Lilia review image



567 Union Avenue, Brooklyn
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Lilia’s host once informed us that the surest way to book a prime time reservation is to call 30 days in advance at 10am sharp. This was upsetting to hear, obviously, since we don’t even schedule vacations a month in advance.

Years have passed and not much has changed. Lilia is still hard to get into, and people still plan visits to this Williamsburg restaurant the way art dealers collect Basquiats or crypto-bros accumulate NFTs. 

Coming here grants you access to a special society: those who have eaten at the city’s most exclusive Italian restaurants. Once you sit down, though, Lilia’s industrial-looking space feels nothing like a glitzy club where diners hope they get blue Instagram checks with dessert. The only real reason to fuss over getting a table at Lilia is their simple, perfect pasta. 

Lilia review image

Lilia has mastered the art of editing themselves silly. They tune out all the Trendy Italian Restaurant bullsh*t, so all that’s left is necessary, carbohydrate gold. Somewhere else, a diavolo sauce might come with mussels or squid to provide some heft. But Lilia’s simplified version focuses on ribbed rigatoni curls, each of which absorbs the sauce made from chili flakes and San Marzano tomatoes. The noodles are chewy and dramatically large, and they look more like balloon animals than rigatoni you’ve seen elsewhere. Why cover that up with anything but a light layer of sauce, grated pecorino, and fresh oregano leaves? 

Lilia’s grilled vegetables and seafood take a similar no-nonsense approach. The restaurant always offers a couple seasonal vegetables roasted in the wood-fired oven, although you’d really be missing the point if you came to Lilia and built your meal around those non-pasta dishes. “The Italian Job” gelato, on the other hand, tastes like a makeout session between jugs of heavy cream and high-quality olive oil. We encourage you to sit with this imagery while you enjoy Lilia’s very good gelato.

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Consider Lilia’s paired-back approach a gift, since your New York City life is convoluted enough already. Sure, the lore around Lilia makes going to this restaurant feel more like a circus than it needs to, but it isn’t too hard to finagle a bar seat by showing up ready to wait or by calling on the early side of the day you'd like to go. (And we firmly believe the bar area is the most romantic spot in the house anyway). Whether you choose to talk about your visits to Lilia like someone tweeting about their non-fungible tokens, well, that’s between you and your rigatoni.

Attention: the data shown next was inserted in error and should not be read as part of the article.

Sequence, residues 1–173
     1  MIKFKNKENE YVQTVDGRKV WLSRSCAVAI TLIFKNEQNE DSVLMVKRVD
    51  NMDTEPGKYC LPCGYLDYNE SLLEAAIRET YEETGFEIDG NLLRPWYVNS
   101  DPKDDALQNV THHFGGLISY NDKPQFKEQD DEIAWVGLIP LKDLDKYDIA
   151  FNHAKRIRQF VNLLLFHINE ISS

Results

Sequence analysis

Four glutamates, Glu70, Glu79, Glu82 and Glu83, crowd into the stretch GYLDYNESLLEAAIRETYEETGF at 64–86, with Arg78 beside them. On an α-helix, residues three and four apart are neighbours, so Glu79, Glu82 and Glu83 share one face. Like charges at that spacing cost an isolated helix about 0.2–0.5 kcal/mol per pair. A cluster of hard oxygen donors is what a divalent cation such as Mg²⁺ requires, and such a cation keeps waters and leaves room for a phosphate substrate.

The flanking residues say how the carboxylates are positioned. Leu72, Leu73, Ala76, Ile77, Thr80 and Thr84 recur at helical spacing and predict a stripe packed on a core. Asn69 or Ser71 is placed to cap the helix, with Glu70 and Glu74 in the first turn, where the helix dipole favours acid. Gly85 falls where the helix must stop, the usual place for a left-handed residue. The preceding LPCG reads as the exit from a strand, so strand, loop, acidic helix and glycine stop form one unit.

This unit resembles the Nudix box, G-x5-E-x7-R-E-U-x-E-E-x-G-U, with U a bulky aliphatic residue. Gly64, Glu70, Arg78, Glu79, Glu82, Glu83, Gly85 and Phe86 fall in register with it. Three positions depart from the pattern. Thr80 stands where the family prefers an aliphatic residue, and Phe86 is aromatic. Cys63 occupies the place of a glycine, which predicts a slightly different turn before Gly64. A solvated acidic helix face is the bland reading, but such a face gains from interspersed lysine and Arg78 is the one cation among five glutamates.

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Food Rundown

Lilia review image

Cacio E Pepe Fritelle

Imagine if three empowered donut holes at Dunkin banded together to become a super munchkin, and then rolled themselves in cheese as a publicity stunt. That’s the gist here. Each one has a gooey, macaroni-and-cheese adjacent center. They’re intense, but quite obviously delicious.

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Lilia’s vegetables rotate regularly. In the past we’ve had some memorable wood-fired squash and a dish made with cardoons (which have the same firm-fibrous thing going on as celery) in a tart anchovy dressing. Get at least one vegetable, ideally whatever sounds most seasonal at the moment.

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Grilled Clams

We enjoy these bivalves and think you will too. But you should know the clams are mostly working as a textural element, rather than exerting a ton of flavor over the breadcrumbs and Calabrian chiles. A stunning development we can’t explain: put one of these bad boys into a bite of your vegetable dish, and their clamminess somehow comes through stronger.

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Sheeps Milk Cheese Filled Agnolotti

Meet Lilia’s Nobel Pasta Prize. It’s the dish most people order, and there's a good reason why. Glossy tubes are filled to the gills with uniformly smooth sheep’s milk, all sitting in a honey-saffron butter sauce made so expertly it couldn’t break even if it wanted to. The whole thing tastes earthy somehow. Consider this the glamping of pastas.

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Rigatoni Diavola

Straightforward and perfectly seasoned, these full bodied rigatoni ringlets aren’t very spicy. That’s good news, since the mild tomato-based sauce lets the quality of the pasta get the spotlight. Eat this alone. Eat it with a frenemy, if you must. Just eat it.

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Malfadini With Pink Peppercorns

Pink peppercorns (more accurately identified as berries, for the nerds keeping score at home) have a much fruitier taste than black peppercorns. So if you’re thinking this dish will taste like your run-of-the-mill cacio e pepe, we’re sorry but that’s not what’s happening. The fractured pink peppercorns add a sharp, bright flavor to the squiggly-shaped noodles, which are all coated in a parmesan sauce. Long live extra-wide malfadini. (In a scenario where we were choosing one pasta, we’d still go for agnolotti or rigatoni over this).

Lilia review image


No matter which pasta route you take, every meal at Lilia should end the same way: gelato. We especially like the “Italian Job” gelato, which is made with fennel pollen and a couple hearty glugs of olive oil. Chocolate will never be a bad choice, though.

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